Nudity on ITV, balloons & how Malcolm Hardee fell out with OTT Chris Tarrant

Malcolm Hardee with Jo Brand (pholograph by Steve Taylor)

Malcolm Hardee in Alternative Comedy’s early days with his protégée comedian Jo Brand (pholograph by Steve Taylor)

As I have very little time to write a blog today and as yesterday’s blog was about the ‘old’ ITV, here is an extract from comedy icon Malcolm Hardee’s increasingly prestigious autobiography I Stole Freddie Mercury’s Birthday Cake. It is about his participation in Martin Soan’s comedy group The Greatest Show On Legs and refers to OTT, the adult TV series produced by Chris Tarrant after his success with children’s series Tiswas.

At this time, I was working on the continuing Tiswas series.

Because ATV/Central messed-up and did not at first give the OTT team their own office, Tarrant squatted in our Tiswas office for around (if memory serves me) a month. I later worked on the LWT series Game For a Laugh, but not at this point.

This is Malcolm Hardee’s story…


The Greatest Show on Legs in the Fringe Programme

The Greatest Show on Legs perform the Balloon Dance (from left) Malcolm Hardee, Martin Clarke, Martin Soan

The Greatest Show on Legs’ breakthrough was doing The Balloon Dance on ITV.

Dave ‘Bagpipes’ Brooks was supposed to be with The Greatest Show on Legs on the OTT pilot, but he’d buggered off to Cornwall. He’d had enough.

This was right in the middle of The Mad Show.

So, at about 6.30am one morning, I knocked-up Martin Potter who used to operate our tapes and he came out with us and did  the pilot for OTT and the audition for Game For a Laugh.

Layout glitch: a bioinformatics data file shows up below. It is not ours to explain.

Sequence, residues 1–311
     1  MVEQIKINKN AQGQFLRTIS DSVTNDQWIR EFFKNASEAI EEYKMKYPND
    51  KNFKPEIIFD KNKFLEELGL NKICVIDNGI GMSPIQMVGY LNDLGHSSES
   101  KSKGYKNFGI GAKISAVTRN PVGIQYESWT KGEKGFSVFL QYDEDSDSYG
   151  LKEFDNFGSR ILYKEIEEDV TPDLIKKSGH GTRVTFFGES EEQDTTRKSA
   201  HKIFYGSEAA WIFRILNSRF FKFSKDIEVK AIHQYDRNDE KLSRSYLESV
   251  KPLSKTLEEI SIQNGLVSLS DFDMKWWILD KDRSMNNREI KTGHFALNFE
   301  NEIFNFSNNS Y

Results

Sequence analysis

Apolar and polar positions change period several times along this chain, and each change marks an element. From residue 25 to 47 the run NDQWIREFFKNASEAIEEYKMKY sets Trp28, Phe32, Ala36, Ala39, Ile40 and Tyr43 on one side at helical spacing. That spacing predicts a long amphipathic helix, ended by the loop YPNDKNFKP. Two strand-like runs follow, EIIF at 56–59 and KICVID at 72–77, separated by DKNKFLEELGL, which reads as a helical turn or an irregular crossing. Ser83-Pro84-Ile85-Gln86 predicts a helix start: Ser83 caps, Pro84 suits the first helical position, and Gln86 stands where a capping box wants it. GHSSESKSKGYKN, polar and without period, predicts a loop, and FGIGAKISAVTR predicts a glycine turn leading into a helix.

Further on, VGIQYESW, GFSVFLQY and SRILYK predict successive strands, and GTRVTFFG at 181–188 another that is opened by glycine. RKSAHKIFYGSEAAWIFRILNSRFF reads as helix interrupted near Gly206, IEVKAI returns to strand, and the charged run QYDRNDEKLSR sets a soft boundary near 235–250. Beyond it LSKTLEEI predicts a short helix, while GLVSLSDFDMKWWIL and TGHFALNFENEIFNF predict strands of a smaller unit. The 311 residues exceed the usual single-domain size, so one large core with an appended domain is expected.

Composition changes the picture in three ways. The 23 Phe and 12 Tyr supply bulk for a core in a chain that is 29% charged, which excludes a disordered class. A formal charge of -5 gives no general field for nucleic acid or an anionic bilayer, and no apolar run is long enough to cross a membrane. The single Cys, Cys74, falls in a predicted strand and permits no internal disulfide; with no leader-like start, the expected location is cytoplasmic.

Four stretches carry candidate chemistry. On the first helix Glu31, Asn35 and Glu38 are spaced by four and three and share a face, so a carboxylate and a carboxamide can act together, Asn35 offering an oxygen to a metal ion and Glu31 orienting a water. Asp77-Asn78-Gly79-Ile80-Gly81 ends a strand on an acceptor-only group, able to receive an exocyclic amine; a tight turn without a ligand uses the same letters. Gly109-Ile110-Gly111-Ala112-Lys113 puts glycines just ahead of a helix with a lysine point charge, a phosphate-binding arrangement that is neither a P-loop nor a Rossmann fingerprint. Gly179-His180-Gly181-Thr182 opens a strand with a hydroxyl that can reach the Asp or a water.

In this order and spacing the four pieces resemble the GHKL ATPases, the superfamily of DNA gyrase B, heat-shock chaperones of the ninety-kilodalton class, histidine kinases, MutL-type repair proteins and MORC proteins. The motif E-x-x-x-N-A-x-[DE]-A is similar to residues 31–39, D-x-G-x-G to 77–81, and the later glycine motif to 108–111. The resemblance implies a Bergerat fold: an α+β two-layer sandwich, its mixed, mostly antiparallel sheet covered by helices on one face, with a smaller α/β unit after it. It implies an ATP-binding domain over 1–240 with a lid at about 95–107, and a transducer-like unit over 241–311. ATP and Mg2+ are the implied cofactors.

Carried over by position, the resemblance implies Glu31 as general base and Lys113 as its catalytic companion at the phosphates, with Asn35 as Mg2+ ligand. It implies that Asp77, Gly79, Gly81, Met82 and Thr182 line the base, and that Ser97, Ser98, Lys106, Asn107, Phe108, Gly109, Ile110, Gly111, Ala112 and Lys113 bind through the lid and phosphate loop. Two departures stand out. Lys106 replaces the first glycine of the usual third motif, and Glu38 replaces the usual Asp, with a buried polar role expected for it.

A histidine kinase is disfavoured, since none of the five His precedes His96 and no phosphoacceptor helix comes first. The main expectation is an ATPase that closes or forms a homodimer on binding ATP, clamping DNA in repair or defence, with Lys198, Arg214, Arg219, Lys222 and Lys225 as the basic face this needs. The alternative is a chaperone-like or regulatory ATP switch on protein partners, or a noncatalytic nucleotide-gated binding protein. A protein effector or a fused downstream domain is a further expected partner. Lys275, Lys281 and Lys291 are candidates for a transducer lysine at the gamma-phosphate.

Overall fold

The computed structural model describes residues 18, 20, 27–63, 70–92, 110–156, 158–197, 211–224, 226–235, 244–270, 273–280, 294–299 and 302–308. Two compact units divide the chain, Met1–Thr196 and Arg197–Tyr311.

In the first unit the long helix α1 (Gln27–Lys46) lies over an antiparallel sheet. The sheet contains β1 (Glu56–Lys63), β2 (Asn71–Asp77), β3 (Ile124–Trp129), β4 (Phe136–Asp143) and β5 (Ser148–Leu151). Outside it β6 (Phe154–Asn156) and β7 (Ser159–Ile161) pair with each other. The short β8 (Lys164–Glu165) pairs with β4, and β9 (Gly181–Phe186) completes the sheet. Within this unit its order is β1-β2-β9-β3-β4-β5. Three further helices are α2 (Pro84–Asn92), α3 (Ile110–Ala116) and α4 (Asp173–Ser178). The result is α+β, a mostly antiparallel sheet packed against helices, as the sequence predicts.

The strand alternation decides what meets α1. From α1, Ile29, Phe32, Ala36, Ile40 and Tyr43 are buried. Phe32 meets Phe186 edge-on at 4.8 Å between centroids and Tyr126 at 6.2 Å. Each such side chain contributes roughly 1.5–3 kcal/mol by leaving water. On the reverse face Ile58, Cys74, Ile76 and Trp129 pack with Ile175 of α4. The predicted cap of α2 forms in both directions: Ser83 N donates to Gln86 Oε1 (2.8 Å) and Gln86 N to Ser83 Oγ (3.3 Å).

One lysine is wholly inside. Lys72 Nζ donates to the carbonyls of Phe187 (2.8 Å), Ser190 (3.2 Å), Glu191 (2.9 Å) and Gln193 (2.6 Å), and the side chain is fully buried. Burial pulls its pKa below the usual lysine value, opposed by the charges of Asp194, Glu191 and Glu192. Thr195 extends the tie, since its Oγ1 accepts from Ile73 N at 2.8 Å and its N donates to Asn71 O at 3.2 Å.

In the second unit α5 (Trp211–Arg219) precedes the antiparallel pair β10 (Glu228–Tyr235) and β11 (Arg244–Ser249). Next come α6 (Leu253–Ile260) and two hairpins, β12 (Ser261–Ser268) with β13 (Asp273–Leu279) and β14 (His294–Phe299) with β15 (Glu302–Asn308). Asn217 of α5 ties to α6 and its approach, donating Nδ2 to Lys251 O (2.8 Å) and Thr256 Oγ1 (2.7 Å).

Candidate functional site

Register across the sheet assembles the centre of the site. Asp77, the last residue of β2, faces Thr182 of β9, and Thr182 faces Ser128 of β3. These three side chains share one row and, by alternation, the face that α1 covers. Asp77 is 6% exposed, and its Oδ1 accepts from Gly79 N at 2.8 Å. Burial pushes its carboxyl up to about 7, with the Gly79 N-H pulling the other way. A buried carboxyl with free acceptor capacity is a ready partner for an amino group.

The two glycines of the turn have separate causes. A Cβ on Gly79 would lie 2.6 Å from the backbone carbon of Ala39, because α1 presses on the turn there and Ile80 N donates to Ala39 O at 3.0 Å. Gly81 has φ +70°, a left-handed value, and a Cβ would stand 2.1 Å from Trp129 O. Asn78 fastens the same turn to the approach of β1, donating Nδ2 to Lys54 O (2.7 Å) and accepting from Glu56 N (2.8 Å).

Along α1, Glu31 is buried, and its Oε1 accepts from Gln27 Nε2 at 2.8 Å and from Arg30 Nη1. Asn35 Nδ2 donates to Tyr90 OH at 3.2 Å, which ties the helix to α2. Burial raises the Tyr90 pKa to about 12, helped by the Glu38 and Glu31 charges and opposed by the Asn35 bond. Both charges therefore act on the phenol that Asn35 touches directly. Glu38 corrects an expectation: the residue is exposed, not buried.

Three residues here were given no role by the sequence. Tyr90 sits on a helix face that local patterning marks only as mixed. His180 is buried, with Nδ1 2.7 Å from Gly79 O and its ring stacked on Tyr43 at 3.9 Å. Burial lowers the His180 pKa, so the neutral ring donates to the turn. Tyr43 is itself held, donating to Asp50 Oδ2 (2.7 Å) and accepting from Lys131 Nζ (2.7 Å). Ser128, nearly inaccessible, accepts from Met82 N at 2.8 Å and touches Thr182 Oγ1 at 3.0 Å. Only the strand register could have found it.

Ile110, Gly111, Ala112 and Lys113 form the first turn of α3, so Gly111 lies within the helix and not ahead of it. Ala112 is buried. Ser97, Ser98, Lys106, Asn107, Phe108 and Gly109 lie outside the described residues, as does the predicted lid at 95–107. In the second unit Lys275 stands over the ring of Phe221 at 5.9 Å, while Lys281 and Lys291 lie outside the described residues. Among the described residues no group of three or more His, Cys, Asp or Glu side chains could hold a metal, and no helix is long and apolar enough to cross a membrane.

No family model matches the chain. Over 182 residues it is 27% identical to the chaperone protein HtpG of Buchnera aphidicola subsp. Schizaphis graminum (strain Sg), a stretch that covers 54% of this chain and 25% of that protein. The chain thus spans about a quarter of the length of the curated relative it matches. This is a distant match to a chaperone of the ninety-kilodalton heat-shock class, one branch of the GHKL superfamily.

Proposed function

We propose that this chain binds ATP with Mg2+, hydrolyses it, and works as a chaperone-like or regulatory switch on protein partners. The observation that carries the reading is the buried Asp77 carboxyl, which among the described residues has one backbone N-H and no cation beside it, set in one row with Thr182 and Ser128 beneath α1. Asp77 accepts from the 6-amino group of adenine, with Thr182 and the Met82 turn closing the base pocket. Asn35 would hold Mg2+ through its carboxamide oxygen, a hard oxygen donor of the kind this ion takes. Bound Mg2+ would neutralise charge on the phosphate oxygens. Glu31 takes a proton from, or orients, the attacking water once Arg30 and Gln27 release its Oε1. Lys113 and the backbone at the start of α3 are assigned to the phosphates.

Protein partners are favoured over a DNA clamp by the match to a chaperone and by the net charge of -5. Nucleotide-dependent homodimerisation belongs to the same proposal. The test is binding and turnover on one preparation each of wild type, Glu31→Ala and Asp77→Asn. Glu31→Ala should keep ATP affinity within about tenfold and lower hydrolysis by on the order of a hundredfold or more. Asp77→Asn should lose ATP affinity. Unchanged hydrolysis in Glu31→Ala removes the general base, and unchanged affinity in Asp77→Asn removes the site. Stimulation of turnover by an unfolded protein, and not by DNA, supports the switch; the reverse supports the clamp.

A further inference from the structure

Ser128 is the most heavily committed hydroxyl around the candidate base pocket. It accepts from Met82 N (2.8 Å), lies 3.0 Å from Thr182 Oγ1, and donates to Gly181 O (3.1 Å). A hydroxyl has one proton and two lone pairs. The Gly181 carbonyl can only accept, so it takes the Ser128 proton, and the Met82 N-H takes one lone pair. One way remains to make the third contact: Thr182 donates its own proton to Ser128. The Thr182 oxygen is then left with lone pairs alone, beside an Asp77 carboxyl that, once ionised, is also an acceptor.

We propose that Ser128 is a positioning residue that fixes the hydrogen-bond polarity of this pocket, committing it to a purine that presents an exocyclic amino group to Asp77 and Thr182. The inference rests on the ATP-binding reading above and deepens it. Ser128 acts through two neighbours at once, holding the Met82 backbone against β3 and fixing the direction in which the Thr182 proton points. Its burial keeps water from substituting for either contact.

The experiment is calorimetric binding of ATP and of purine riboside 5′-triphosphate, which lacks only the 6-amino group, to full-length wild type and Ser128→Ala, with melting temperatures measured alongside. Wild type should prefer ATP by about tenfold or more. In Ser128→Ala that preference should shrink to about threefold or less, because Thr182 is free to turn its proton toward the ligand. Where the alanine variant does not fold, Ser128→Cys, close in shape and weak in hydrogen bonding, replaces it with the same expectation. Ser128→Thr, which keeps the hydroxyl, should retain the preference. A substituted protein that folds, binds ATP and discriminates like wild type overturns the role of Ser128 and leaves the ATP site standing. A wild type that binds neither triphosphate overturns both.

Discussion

We needed someone permanent and Martin Potter wasn’t interested, so we recruited Martin Clarke from Brighton, who’d been in a theatre group called Cliffhanger. He had quite a posh voice and looked a bit like Tony Blackburn, so we called him ‘Sir Ralph’.

We were invited to do The Balloon Dance first on Game For a Laugh but, when we got to the LWT studios, the producer wouldn’t let us do it naked. He said the show was for family viewing.

“But that’s how we do it,” I said. “That’s the whole humour of it.”

He sent researchers out to get smaller and smaller items of underwear – even going into sex shops to get us jockstraps. But we held out and said:

“We’re not doing it with our pants on”.

We partly held out because we knew that OTT also wanted us on ITV in a month’s time and they would let us do it naked. In the end, we did the Scottish sword dance on Game For a Laugh. We used the show’s co-presenter Matthew Kelly as the crossed swords. He had a broken leg at the time. So we kept our clothes on but terrorised Matthew Kelly in exchange.

A month later, we finally got naked on TV when we performed The Balloon Dance on OTT. (The video is on YouTube) That was in January 1981. It was one of the first programmes made by Central, who had taken over from ATV as the Birmingham ITV station.

OTT was meant to be the all new, very daring adult version of Chris Tarrant’s anarchic children’s show Tiswas. Alexei Sayle performed on it every week and still no-one understood his humour. Lenny Henry, Bob Carolgees and Helen Atkinson-Wood were the other OTT regulars.

On the first night we were there, the studio audience didn’t react very well to the over-all show but, when we came on, we set the place alight – figuratively speaking – and afterwards there was a furore in the press, which we wanted. Mary Whitehouse complained about it, which is always a good thing.